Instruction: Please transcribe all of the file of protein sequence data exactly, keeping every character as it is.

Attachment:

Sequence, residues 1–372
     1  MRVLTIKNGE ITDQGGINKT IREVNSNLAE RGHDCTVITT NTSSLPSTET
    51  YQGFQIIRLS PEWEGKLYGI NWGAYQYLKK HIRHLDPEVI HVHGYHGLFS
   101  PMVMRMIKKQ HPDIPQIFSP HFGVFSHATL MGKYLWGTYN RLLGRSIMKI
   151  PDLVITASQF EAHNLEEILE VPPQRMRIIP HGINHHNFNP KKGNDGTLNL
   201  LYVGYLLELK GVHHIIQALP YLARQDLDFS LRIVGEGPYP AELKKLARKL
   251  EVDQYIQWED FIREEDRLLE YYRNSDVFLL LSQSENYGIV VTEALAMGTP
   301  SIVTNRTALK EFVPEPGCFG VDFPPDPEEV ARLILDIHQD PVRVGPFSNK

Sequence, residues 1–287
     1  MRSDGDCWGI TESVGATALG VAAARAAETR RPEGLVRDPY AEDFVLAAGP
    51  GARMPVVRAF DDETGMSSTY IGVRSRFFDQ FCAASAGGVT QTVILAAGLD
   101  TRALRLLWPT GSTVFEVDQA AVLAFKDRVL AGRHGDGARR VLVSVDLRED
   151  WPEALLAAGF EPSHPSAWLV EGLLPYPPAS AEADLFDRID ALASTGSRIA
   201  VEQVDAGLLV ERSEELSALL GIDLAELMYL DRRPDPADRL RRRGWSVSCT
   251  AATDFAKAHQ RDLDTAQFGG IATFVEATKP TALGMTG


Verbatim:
Sequence, residues 1–372
     1  MRVLTIKNGE ITDQGGINKT IREVNSNLAE RGHDCTVITT NTSSLPSTET
    51  YQGFQIIRLS PEWEGKLYGI NWGAYQYLKK HIRHLDPEVI HVHGYHGLFS
   101  PMVMRMIKKQ HPDIPQIFSP HFGVFSHATL MGKYLWGTYN RLLGRSIMKI
   151  PDLVITASQF EAHNLEEILE VPPQRMRIIP HGINHHNFNP KKGNDGTLNL
   201  LYVGYLLELK GVHHIIQALP YLARQDLDFS LRIVGEGPYP AELKKLARKL
   251  EVDQYIQWED FIREEDRLLE YYRNSDVFLL LSQSENYGIV VTEALAMGTP
   301  SIVTNRTALK EFVPEPGCFG VDFPPDPEEV ARLILDIHQD PVRVGPFSNK

Sequence, residues 1–287
     1  MRSDGDCWGI TESVGATALG VAAARAAETR RPEGLVRDPY AEDFVLAAGP
    51  GARMPVVRAF DDETGMSSTY IGVRSRFFDQ FCAASAGGVT QTVILAAGLD
   101  TRALRLLWPT GSTVFEVDQA AVLAFKDRVL AGRHGDGARR VLVSVDLRED
   151  WPEALLAAGF EPSHPSAWLV EGLLPYPPAS AEADLFDRID ALASTGSRIA
   201  VEQVDAGLLV ERSEELSALL GIDLAELMYL DRRPDPADRL RRRGWSVSCT
   251  AATDFAKAHQ RDLDTAQFGG IATFVEATKP TALGMTG